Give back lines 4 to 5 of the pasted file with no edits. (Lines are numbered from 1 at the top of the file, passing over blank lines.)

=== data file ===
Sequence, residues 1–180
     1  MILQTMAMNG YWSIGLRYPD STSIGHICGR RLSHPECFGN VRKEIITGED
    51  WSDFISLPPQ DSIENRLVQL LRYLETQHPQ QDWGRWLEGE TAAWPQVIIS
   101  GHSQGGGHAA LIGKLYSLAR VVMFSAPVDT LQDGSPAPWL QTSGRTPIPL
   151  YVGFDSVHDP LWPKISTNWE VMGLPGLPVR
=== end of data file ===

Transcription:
   101  GHSQGGGHAA LIGKLYSLAR VVMFSAPVDT LQDGSPAPWL QTSGRTPIPL
   151  YVGFDSVHDP LWPKISTNWE VMGLPGLPVR